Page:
The Giants were a tale of two teams in 2009. After starting the season 5-0, New York looked poised to win the NFC East. They stumbled badly, however, dropping the next four contests on the way to a 3-8 run over the team’s final 11 games.
The question in 2010 is, which team was the real Giants? The offensive and defensive juggernaut of their first five games? Or the unit that couldn’t run the ball or stop anybody on defense over the balance of the season?
The Giants morphed into more of a passing team in 2009, relying on the arm of Eli Manning more than in previous seasons. Manning responded with a career year.
Despite their passing prowess, the Giants need the running game to get back to the production they established in the 2007 and 2008 seasons.
Brandon Jacobs suffered through an injury-marred 2009 season. While injuries clearly played a part in his poor performance, he also changed his style, trying to make tacklers miss more often than in prior seasons.
In 2010, look for the Giants' coaching staff to get him to spend more time running over tacklers than running around them.
Ahmad Bradshaw figures to give Jacobs a stiff challenge for the team’s starting running back position.
Bradshaw has shown plenty of playmaking ability as a backup in the past, but the team has been reluctant to move him into the starter’s role. If Jacobs doesn’t rebound, look for Bradshaw to get his first chance as a starter.
Steve Smith unexpectedly developed into a 1000-yard receiver and became Manning’s security blanket. Despite lacking elite skills, Smith caught 107 passes for 1,220 yards and seven touchdowns—production that no one foresaw as the season started.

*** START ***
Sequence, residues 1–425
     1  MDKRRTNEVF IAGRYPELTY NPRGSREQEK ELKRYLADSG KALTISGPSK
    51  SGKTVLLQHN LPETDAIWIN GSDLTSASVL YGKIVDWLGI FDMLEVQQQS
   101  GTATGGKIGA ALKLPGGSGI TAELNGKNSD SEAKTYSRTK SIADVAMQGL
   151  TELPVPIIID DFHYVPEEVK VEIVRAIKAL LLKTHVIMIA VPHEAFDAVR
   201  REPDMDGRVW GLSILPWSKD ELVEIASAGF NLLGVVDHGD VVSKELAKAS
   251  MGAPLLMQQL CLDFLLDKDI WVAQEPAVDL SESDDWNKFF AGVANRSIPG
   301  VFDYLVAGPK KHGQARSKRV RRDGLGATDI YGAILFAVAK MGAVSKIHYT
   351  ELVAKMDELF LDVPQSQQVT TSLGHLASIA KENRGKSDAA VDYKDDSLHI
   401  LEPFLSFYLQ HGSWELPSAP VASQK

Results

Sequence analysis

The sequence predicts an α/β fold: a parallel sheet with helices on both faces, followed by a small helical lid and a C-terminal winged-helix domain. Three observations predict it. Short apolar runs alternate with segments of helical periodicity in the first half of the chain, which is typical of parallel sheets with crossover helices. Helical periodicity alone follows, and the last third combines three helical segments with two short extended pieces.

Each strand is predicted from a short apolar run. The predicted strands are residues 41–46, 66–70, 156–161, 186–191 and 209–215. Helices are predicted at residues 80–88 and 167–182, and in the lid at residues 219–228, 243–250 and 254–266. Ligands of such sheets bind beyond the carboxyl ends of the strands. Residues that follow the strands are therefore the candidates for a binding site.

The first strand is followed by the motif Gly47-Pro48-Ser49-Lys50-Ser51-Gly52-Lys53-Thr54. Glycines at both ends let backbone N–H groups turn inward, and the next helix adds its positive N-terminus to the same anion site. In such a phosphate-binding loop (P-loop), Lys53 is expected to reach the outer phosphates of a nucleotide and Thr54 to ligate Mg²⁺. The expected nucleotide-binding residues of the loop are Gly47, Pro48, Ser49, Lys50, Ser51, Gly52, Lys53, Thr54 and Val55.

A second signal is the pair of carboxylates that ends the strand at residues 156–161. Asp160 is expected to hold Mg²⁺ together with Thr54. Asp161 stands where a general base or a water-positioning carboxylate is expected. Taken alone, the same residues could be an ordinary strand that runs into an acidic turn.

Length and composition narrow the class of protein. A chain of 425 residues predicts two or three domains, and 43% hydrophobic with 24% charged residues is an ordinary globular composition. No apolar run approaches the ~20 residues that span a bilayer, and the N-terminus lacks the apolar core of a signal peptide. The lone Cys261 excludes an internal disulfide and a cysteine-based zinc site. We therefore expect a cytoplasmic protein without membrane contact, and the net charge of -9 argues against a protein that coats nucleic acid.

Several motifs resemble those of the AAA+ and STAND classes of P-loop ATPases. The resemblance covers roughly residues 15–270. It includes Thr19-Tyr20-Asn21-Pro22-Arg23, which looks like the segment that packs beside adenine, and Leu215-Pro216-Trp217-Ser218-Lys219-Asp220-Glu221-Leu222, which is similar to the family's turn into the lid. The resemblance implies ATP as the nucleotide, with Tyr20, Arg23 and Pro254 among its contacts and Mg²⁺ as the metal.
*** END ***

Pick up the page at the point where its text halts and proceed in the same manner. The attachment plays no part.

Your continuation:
Despite Smith’s excellent season, second year player Hakeem Nicks may have even more upside. Once given consistent targets, he began making big plays, although his hands were inconsistent at times. Mario Manningham also displayed excellent ability to gain separation but was inconsistent and dropped too many balls.
Tight end Kevin Boss is a serviceable receiver and a solid blocker in the run game. He has been a good red zone target when called upon, but he is often ignored in the game plan. At this point, he seems to have reached his ceiling.
The Giants aren’t a team lacking in talent, but they may struggle to make the playoffs in a tough NFC East division. They are going to need a rebound performance from the team’s rushing attack and a more consistent pass rush if they hope to challenge the Cowboys for the division crown.
With the team’s running game struggling through much of 2009, the Giants turned to Manning more in the passing game than in previous seasons.
The veteran signal caller responded with his finest season as a pro. He finished the year with career highs in passing yards (4,021), touchdowns (27), and completion percentage (62.3).
Unlike other teams who went pass heavy in 2009, there are a few rumblings coming out of New York, indicating that the team wants to move to a more balanced approach on offense.
Coupled with the fact that there were no additions to the depth chart at running back, there is reason to think that they will run significantly more in 2010. This means Manning has little chance to match or surpass his 2009 production in 2010.
While there were no fancy additions to the team’s receiving corps in the draft, the Giants feature one of the league’s top trios of young receivers in Steve Smith, Hakeem Nicks, and Mario Manningham.
Manning enters 2010 as a lower tier fantasy starter, but as one with upside, given the team’s reliance on the pass and the weapons he has at wide receiver.
Jacobs enters 2010 with something to prove, considering his lack of production last season.
While he managed to stay healthy for most of the year (missing only one game), he was a huge letdown, courtesy of a lingering knee injury that wasn’t disclosed until after the season ended.
It seems that Jacobs is always either out with an injury or having to play through one. The knee injury from last season clearly slowed him down, as his touchdown production dropped from 15 to five and his yards per carry dropped from 5.0 to 3.7.